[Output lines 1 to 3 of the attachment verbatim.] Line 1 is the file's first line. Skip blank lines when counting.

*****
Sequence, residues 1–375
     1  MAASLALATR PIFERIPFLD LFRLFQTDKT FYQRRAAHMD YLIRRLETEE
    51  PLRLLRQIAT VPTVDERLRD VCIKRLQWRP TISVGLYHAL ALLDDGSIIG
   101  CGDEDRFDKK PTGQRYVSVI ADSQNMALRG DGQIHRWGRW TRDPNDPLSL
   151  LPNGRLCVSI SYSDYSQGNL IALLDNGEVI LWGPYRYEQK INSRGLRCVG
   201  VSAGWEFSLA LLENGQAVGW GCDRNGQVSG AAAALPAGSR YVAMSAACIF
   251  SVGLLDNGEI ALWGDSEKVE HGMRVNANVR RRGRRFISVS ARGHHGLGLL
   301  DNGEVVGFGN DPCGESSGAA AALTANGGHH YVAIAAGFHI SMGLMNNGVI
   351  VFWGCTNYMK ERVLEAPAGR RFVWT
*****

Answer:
Sequence, residues 1–375
     1  MAASLALATR PIFERIPFLD LFRLFQTDKT FYQRRAAHMD YLIRRLETEE
    51  PLRLLRQIAT VPTVDERLRD VCIKRLQWRP TISVGLYHAL ALLDDGSIIG